To Protect the Wildlife, Hunting & Fishing Ban in Tirap


Tirap Deputy Commissioner Ravi Jha through an executive order on 7th July, has banned all kinds of hunting and fishing in order to save and protect the wildlife in the district.


Actually  it has been reported and brought to the notice of the district administration that many individuals are engaged themselves in hunting of wild birds and animals and fishing in Tirap district with different types of weapons and blasting materials.

Now the district administration prohibited hunting of birds and animals including fishing by using gelatine, poisonous substance, generator or any kind of nets.”

The district administration also requested to the  civil society including the chiefs, GBs, PRI leaders, student leaders, women’s groups and NGOs have appreciated the order of the DC and they have vowed to help the district administration in checking hunting and fishing by unscrupulous people.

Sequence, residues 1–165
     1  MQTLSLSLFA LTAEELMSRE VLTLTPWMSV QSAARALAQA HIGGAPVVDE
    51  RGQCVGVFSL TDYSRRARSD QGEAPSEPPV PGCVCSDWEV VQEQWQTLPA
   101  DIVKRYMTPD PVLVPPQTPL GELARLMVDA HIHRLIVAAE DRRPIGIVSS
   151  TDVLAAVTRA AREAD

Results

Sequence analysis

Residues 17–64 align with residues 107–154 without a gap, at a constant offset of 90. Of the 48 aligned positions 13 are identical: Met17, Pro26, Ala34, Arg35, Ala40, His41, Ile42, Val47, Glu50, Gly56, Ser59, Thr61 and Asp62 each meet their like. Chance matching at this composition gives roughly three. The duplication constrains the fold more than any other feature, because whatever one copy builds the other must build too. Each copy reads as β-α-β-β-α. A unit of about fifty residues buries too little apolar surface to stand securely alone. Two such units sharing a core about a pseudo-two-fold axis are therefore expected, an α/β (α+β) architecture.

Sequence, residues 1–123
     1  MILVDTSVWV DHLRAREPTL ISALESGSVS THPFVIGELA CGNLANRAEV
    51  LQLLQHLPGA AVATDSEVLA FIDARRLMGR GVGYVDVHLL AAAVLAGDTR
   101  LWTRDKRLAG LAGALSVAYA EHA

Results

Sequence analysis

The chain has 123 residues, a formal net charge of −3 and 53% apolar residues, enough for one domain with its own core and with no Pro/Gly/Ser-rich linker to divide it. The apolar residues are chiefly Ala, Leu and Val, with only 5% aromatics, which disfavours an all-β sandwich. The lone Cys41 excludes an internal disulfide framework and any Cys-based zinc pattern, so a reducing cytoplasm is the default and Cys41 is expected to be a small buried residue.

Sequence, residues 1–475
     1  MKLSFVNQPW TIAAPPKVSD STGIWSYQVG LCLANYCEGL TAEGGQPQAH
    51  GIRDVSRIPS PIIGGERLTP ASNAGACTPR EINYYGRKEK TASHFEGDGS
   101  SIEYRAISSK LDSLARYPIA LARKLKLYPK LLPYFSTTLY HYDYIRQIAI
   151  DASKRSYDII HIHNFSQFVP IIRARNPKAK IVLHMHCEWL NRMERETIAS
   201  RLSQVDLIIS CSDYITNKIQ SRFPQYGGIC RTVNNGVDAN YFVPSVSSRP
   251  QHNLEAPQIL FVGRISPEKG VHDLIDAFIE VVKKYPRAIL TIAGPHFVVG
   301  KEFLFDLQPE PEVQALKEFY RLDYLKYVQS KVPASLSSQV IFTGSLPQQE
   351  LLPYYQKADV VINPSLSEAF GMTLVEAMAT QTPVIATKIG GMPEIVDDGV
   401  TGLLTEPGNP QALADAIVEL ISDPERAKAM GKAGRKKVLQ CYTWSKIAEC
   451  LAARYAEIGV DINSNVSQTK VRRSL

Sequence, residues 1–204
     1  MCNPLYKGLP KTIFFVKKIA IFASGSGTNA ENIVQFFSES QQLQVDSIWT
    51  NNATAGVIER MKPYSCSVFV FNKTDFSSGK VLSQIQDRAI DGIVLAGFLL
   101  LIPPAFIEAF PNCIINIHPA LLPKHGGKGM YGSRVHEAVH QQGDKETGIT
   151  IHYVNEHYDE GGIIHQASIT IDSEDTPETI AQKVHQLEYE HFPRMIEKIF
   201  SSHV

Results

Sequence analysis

It must be mentioned here that the jungles of Tirap district were once alive with the soothing calls of all kinds of magnificent wild birds and animals but thanks to human greed, the jungles have gone quiet with only a few birds and animals left.

The many rivers and streams in the district which were teeming with fishes of all shapes and sizes are today flowing barren, bereft of any aquatic life thanks to overfishing by using harmful methods

Tirap district is home to a number of exotic and endangered wildlife including royal Bengal tiger, clouded leopard, hullock gibbon, hornbill, eagles, turtles and others. However, due to rampant hunting and fishing many of these rare and precious wild creatures are on the verge of extinction. The most endangered ape, the Hullock Gibbon which was available everywhere in the not too distant past can be spotted only in the upper reaches and the thick jungles bordering Assam.

Similarly, the state bird Hornbil that was in plenty in the past is hardly spotted. The highly endangered river turtle used to be found in great numbers in the Buri Dihing River, a tributary of the mighty Brahmaputra. But today, it has become a rarity.


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